Thomas picked up an early tech and missed a few shots in the paint, a far cry from his 41-point night in San Francisco. Yet, he and Dinwiddie each picked recovered nicely, combining for 22 points and seven assists to lead the way for the Nets in the first. It was a typical performance from the offensively-slanted duo, with Dinwiddie working the pick-and-roll to account for five of those assists, while Thomas put up a dozen shots, some self-created...

...and others not:

Bridges completed the trifecta of double-digit Nets scorers with a modest ten points on 3-of-8 shooting, but made two long-balls. Overall, Brooklyn shot 7-of-12 from three in the first half, and while they couldn’t get out in transition, their accuracy from deep led them to a 59-54 halftime lead.

Utah may have scraped the barrel for extra points, but their normal offense lagged behind. They shot just 4-of-18 from deep in the first half, and outside of Collin Sexton leading the way with 16 points, nobody had much to write home about.

That all changed in the third quarter. The Nets made a concerted effort to fix the rebounding and transition game, more than doubling both their o-board total and points on the break:

It wasn’t enough, though, to salvage a fledgling half-court offense that struggled to score without an offensive rebound. The Twins combined for 20 points on a tough 6-of-25 shooting.

Bridges pulled no self-punches, saying he “just did everything bad: Missing shots, free throws, not defending, not rebounding...letting my teammates down, coaches down, playing 5-on-4 out basically while I’m out there. I’ve just gotta be better, and I won’t let that happen again.”

His misses — and his teammates’, of course — allowed the Jazz to continue running, and the hosts put up a whopping 30 fast-break points on the evening.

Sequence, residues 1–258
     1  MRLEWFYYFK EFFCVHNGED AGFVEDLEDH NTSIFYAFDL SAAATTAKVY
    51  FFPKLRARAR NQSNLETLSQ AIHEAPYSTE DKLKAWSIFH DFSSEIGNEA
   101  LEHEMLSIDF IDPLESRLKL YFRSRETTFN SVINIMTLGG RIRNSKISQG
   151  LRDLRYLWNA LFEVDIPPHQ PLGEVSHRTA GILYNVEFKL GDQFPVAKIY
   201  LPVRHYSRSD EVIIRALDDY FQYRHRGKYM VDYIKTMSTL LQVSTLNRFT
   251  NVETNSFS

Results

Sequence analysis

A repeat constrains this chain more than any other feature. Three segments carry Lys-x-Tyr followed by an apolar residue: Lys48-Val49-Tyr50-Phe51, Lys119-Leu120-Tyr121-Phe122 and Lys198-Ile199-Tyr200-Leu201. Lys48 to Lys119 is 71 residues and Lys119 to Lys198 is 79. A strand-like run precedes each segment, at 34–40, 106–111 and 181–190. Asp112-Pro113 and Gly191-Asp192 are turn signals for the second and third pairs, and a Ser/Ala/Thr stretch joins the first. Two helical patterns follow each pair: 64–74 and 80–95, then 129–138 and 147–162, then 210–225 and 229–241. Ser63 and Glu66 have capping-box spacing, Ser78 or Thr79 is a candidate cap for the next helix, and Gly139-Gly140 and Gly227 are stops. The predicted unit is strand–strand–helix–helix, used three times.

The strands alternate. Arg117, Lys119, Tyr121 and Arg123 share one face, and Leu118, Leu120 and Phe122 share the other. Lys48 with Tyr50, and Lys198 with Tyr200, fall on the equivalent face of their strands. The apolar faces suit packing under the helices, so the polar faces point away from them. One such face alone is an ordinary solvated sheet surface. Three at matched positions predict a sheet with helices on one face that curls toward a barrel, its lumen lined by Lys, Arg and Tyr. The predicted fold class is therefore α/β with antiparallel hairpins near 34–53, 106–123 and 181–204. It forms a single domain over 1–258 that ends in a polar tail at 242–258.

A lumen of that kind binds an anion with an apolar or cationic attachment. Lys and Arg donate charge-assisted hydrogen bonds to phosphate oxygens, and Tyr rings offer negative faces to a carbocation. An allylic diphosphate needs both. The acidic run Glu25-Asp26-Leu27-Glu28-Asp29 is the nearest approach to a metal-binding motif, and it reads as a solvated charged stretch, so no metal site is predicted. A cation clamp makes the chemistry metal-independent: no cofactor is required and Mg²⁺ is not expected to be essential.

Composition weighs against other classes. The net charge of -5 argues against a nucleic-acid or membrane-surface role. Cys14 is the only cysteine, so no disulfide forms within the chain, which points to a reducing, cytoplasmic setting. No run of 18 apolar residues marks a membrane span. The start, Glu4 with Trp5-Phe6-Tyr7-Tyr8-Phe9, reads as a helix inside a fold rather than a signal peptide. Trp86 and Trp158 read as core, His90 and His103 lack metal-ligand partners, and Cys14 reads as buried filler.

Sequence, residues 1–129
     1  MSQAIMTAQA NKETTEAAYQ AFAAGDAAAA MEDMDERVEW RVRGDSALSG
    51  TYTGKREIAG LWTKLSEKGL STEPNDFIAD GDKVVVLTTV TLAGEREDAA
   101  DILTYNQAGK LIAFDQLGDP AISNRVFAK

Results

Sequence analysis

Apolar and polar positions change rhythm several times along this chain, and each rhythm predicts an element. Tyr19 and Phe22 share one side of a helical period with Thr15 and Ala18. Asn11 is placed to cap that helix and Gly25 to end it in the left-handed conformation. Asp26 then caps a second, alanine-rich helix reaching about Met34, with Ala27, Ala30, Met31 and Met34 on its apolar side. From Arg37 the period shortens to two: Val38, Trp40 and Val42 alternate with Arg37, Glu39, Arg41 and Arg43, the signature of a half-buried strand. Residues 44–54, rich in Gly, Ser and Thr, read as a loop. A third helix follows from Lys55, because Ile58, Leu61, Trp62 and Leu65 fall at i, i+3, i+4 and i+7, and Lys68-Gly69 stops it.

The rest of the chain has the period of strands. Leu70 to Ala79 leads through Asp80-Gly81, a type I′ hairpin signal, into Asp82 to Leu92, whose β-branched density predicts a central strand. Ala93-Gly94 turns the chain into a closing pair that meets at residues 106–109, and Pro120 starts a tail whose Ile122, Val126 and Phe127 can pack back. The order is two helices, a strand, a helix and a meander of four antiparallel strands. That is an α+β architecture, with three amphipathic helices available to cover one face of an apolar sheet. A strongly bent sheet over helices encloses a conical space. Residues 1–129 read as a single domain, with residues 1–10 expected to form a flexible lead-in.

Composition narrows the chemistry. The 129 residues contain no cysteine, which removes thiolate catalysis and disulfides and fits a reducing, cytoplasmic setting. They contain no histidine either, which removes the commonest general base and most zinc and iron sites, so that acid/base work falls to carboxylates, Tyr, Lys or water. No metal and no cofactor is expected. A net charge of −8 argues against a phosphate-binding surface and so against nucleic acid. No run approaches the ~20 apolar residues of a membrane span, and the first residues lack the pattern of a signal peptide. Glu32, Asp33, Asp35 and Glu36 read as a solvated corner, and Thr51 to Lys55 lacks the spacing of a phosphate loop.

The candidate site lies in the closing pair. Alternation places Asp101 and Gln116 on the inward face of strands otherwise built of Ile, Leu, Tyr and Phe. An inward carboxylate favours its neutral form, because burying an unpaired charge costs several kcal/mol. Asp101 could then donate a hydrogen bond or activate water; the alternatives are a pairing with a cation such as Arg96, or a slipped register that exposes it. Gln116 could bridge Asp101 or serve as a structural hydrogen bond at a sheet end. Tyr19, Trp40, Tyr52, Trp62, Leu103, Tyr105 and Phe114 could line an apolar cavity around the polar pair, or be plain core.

Worse yet, their half-court offense started to click post-halftime, largely on the strength of improved 3-point shooting. Utah’s bullish back-court of Sexton and Talen Horton-Tucker got hot, combining for eight triples on their way to 27 points each. Rangy forwards John Collins and, of course, Lauri Markkanen contributed as well, though Brooklyn’s defense wasn’t exactly impenetrable:

It remained that way.

Utah finished by shooting a blistering 10-of-16 from deep in the second half, as their back-court continued to dominate. Markkanen contributed another 20 points, and Walker Kessler patrolled the paint to block five shots; all of it proved too overwhelming for a Nets team clearly fighting an uphill battle with fatigue.

Nic Claxton blocked three shots on the interior, but couldn't prevent the 3-point storm nor add more than 11 points on 4-of-5 shooting on the other end. Dinwiddie and Thomas, as they were against Golden State, maintained the offense for as long as they could. The former put up another double-double with 17 points, 11 assists, and eight boards, willing Brooklyn to some strong possessions.